Modeling The Population Demography Of Harlequin Ducks

Author(s): 
Robertson, Gregory J.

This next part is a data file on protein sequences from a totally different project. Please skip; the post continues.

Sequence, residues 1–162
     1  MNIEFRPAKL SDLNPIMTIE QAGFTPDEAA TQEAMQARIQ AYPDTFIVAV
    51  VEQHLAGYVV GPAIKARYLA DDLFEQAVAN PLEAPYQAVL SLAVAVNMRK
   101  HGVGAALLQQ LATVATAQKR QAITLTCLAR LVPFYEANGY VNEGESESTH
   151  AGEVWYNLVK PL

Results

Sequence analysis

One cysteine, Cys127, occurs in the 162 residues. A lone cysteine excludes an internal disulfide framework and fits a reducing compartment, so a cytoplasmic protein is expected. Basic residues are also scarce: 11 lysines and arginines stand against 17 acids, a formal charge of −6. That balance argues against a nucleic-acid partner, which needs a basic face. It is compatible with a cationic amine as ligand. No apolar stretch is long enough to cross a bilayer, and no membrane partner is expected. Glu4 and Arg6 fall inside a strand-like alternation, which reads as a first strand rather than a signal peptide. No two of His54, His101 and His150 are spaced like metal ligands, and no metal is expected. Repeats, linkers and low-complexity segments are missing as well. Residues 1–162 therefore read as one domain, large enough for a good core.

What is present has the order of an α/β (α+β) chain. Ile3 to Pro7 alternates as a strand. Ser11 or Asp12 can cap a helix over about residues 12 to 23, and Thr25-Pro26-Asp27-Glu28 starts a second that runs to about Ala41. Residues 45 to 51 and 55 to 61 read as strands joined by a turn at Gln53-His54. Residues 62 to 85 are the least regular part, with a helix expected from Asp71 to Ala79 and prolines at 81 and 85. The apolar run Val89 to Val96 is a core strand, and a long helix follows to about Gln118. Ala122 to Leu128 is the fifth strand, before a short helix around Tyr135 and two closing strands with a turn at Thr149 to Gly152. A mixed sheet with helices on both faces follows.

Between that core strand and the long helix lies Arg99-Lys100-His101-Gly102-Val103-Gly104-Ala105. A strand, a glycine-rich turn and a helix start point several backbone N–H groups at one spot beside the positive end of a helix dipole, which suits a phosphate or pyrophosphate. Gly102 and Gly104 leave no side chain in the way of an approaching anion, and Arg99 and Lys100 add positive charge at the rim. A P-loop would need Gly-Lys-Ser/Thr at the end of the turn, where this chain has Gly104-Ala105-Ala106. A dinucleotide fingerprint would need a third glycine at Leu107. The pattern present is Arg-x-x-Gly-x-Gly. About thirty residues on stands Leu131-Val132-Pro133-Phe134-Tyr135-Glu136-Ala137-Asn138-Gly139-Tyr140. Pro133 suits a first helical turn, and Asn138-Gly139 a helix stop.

Population demography models are valuable tools in detecting population trends and identifying crucial components in the life history of a species. They are also useful in determining critical research needs to estimate needed parameters. A matrix-based p opulation model was expanded for Harlequin Ducks (Histrionicus histrionicus) originally developed by Goudie et al. (1994, Trans. North Am. Wildl. Nat. Resour. Conf. 59:27- 49.). A population growth rate of 16% (lambda=1.16) and a stable age distribution of 32.5% juveniles per year was calculated using parameters extracted from the literature. Both of these two values are much higher than seen in the Pacific Northwest populations (lambda ~= 1.00 and the proportion of juveniles ~= 10-15%). The population growth rate was most sensitive to survival of older age classes, however adult survival probably varies little on an annual basis. Juvenile survival (post-fledging to the following spring) and adult breeding propensity ha d a lesser effect on the population growth rate than adult survival, however, these two parameters are both, hard to estimate accurately, and, vary considerably between years. Lowering adult survival rates did not lower the proportion of juveniles in the projected population, unlike lowering juvenile survival and breeding propensity. Thus, the estimates of breeding propensity (0.6) and/or juvenile survival (0.5) must be higher than the actual field value. I decomposed the projection matrix into two matri ces, a breeding ground matrix and a non-breeding matrix to examine the effects of these periods separately. A substantial proportion of the sensitivity in the population growth rate occurs during the non-breeding period. Simulations using two different b reeding sites varying in quality revealed that movements of adults between sites had a greater impact on the population growth rate than juvenile movements. Better estimates for adult survival (breeding and non-breeding), juvenile survival and breeding pr opensity are currently being gathered and will be incorporated into future modeling efforts.

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